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Russian literature

Old Russian literature consists of sparse popular tales and folklore: educated and literary Russian-speakers used Old Church Slavonic as a literary vehicle.

Westernization of Russia (particularly associated with the name of Tsar Peter the Great coincided with reform of the Russian alphabet and increased tolerance of the idea of employing the popular language for general literary purposes. Writers like Dmitri Kantemir and Mikhail Lomonosov in the earlier 18th century paved the way for poets like Derzhavin, playwrights like Sumarokov and prose writers like Karamzin[?] and Radishchev.

Romanticism permitted a flowering of especially poetic talent: the names of Zhukovsky[?] and Pushkin came to the fore, followed by Mikhail Lermontov.

Nineteenth-century developments included Ivan Krylov the fabulist; non-fiction writers such as Belinsky[?] and Aleksandr Herzen[?]; and a group of widely-recognised novelists such as Nikolai Gogol, Lev Tolstoy, Fyodor Dostoevsky, Leskov[?], Ivan Turgenev, Saltykov-Shchedrin[?] and Goncharov[?].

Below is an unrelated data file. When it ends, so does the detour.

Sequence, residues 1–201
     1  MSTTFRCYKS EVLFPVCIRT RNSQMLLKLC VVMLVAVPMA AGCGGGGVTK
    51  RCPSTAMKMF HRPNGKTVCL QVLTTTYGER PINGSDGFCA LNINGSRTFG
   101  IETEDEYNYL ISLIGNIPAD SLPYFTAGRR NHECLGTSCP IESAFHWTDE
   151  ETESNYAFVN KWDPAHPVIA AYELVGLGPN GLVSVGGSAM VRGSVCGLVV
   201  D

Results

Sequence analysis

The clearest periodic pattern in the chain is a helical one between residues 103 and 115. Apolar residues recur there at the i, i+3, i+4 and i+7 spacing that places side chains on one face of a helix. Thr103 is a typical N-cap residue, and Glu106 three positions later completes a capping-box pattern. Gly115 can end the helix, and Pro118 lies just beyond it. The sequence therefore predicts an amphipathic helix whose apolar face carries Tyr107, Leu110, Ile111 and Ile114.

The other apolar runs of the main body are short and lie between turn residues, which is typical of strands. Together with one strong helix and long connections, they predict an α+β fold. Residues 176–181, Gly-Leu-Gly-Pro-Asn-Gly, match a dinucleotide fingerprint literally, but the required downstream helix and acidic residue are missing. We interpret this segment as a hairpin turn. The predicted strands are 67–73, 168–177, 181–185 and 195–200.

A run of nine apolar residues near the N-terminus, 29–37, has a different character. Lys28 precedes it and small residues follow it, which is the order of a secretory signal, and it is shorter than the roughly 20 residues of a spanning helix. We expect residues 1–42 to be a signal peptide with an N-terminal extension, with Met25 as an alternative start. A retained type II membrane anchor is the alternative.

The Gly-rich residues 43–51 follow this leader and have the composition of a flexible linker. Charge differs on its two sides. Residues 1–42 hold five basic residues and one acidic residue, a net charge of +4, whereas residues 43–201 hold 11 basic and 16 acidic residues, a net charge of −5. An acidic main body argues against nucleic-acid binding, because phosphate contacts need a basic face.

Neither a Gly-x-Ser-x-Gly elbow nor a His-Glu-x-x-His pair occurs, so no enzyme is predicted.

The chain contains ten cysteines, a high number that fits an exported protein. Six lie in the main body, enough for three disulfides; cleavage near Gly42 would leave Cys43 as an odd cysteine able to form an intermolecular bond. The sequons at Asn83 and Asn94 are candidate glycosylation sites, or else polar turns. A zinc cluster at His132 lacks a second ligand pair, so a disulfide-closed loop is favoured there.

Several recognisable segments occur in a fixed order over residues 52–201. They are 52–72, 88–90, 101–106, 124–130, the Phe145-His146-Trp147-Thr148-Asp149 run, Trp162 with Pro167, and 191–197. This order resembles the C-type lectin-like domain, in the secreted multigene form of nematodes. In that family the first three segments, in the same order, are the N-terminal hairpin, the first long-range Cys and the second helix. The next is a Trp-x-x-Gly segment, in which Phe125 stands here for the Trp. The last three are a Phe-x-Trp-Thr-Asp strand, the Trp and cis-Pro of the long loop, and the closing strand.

Other genres came to the fore with the approach of the 20th century. Anton Chekhov excelled in writing short stories and drama, and Anna Akhmatova represented innovative lyricists.

Sovietization of Russia affected literature after 1917. Maxim Gorky, Ilya Erenburg[?] and Mikail Sholokhov[?] came to prominence. Whilst Socialist realism gained official support in the Soviet Union, émigré writers such as Ivan Alekseyevich Bunin and Vladimir Nabokov continued to flourish in exile.

Post- Stalin developments saw the emergence of Mikhail Bulgakov and Boris Pasternak, while Alexandr Solzhenitsyn built his oeuvre on the legacy of the gulags.

For a list of authors, see: List of famous Russians



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